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High schools need to include LGBTQ+ in sexual health class – Marin Independent Journal

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Far too many students sit through hours of sexual education classes where none of the content actually applies to their lives.

When teachers and textbooks neglect students’ identities, sexuality and experiences, countless teenagers lose one of the few reliable sources they are exposed to regarding the significant topic of safe sex. When they do learn about it, it is usually heteronormative and cisgendered, often receiving information that stigmatizes LGBTQ+ youth or excludes them entirely.

This is why it is crucial to have an inclusive sexual health curriculum where teenagers of the LGBTQ+ community are able to be given the resources to learn about sexual education where their experiences are included.

The Centers for Disease Control and Prevention found that only 19% of U.S. secondary schools provide a curriculum or supplementary sex education materials that are LGBTQ-inclusive, which not only leaves teenagers feeling like they are unequal and an insignificant part of the school community, but also unprepared for maintaining healthy relationships and knowledge of safe sex. Nowhere is this absence more clear than in sex education.

As of September 2020, elementary and high schools in England are required to teach LGBTQ-inclusive lessons on relationships and age-appropriate education on sexual health. They also provide information on contraception, consent and online safety.

Although this was a landmark step forward for the LGBTQ+ community in England, it is now time for America to follow those footsteps in order to have students feel safe and welcome in their school environment. The United States currently has no national standard or federal legislation that mandates LGBTQ+ inclusive sexual health or history education. This is a consequential problem the curriculum must overcome.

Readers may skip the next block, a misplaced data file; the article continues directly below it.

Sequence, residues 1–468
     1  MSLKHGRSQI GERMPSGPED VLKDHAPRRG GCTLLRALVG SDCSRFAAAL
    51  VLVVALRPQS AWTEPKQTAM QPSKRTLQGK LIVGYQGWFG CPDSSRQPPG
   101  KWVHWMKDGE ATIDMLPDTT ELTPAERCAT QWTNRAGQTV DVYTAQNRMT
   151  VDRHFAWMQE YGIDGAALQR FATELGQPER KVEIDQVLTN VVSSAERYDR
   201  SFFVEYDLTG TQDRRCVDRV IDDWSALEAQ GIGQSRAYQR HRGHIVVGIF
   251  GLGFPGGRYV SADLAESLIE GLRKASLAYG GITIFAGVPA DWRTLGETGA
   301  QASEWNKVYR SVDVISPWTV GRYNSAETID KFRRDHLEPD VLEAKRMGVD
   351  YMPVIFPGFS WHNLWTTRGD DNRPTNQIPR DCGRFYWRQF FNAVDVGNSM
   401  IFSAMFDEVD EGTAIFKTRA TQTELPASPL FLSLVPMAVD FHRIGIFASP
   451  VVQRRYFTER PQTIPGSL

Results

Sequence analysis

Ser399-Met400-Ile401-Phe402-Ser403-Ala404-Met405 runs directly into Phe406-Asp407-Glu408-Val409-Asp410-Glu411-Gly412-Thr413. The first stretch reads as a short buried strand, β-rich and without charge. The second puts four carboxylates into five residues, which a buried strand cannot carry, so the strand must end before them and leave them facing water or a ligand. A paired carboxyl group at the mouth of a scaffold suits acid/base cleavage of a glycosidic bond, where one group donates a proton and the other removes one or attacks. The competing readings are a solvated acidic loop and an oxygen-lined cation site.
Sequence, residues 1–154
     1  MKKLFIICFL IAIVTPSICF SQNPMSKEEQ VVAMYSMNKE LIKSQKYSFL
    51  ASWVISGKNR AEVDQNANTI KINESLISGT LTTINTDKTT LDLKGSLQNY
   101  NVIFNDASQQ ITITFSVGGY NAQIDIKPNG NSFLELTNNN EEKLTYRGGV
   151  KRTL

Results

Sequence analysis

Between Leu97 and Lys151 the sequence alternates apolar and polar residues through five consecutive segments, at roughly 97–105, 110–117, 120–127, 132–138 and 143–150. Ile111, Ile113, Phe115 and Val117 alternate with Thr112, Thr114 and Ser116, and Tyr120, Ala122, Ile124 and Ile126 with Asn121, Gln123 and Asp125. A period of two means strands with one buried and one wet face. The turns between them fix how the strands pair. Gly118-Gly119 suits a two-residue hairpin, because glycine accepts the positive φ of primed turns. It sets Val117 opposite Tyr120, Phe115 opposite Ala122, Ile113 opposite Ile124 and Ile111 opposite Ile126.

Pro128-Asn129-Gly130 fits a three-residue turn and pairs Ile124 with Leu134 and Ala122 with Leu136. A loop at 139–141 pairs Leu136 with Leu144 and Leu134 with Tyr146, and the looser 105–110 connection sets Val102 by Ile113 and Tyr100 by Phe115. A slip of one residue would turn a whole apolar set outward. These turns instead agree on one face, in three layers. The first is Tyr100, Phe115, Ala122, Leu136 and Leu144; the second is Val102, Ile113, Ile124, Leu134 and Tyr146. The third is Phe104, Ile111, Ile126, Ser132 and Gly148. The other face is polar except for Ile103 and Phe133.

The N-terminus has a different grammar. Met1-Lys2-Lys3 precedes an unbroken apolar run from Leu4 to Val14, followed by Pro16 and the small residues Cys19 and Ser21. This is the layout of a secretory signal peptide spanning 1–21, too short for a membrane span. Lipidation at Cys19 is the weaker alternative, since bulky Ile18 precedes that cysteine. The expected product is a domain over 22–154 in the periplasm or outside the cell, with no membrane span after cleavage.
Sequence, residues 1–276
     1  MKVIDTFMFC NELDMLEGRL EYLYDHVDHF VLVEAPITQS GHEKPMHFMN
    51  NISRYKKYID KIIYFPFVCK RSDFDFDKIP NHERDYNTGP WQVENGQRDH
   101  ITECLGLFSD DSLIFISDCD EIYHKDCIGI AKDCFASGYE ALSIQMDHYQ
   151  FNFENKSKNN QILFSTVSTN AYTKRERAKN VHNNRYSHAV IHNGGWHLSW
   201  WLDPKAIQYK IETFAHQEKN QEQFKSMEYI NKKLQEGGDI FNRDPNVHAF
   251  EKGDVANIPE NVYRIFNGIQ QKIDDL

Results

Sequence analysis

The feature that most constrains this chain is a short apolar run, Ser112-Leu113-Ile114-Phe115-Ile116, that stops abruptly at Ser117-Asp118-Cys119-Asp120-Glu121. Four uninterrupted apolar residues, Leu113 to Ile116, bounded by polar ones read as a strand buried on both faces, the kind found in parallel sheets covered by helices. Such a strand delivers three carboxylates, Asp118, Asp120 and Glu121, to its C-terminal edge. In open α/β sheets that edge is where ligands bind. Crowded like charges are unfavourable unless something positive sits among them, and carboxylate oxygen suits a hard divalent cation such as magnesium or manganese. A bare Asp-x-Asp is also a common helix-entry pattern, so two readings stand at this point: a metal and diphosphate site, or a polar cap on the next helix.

Diversity in American sexual education classes is severely lacking.

“Health and sexual education courses are one of the most natural and common classes in which students can learn about LGBTQ topics in a positive way,” Gay, Lesbian and Straight Education Network Director Joe Kosciw said. “However, less than 5% of LGBTQ students were taught about it in a positive way in health class.”

In fact, there are six states that completely ban the “promotion of homosexuality,” where some simply stipulate a restriction of any representation of homosexuality.

Education on LGBTQ+ safe sex is not promoting homosexuality. It is creating a safe space for students to become educated on this topic. This clearly separates LGBTQ+ students from the rest of the school population and creates a damaging rift within the community; not only with students, but also with the teachers and administrators.

A Redwood High School survey concluded that more than half of the student population haven’t learned about LGBTQ+ safe sex in any of their classes. Nearly a quarter claim they can somewhat recall learning about it, but can’t explain what they know. Furthermore, 42% of students answered that there is a noticeable absence of representation of LGBTQ+ ideas, experience and people in the Redwood curriculum, and 42.7% said there is not much inclusion of the LGBTQ+ experience in the curriculum, even if they do not actively notice it. That’s around 85% of students who are not seeing substantial inclusion of LGBTQ+ representation.

This lack of LGBTQ+ representation in sexual education needs to change. An educational curriculum that is all-inclusive would consist of teachings on healthy relationships and safe sex that accurately reflects LGBTQ students’ lives. Teachers should approach the subject with sensitivity, confidence and an open mind. It should weave the issues of LGBTQ+ people throughout the curriculum without judgment or stigma. Teenagers will absorb the information and it will encourage heterosexual and cisgender students to view their LGBTQ+ peers as equal.

By creating an inclusive sexual education curriculum in American schools, we will fight the systematic erasure of LGBTQ+ identities by openly talking about them and reduce the stereotype that there is only one “correct” way to have sex. Education should give all students the opportunity to increase awareness and break down stereotypes. It should not further instill prejudice in developing young minds.

Kana Kojima is a student at Redwood High School.

https://www.marinij.com/2021/04/02/marin-voice-high-schools-need-to-include-lgbtq-in-sexual-health-class/

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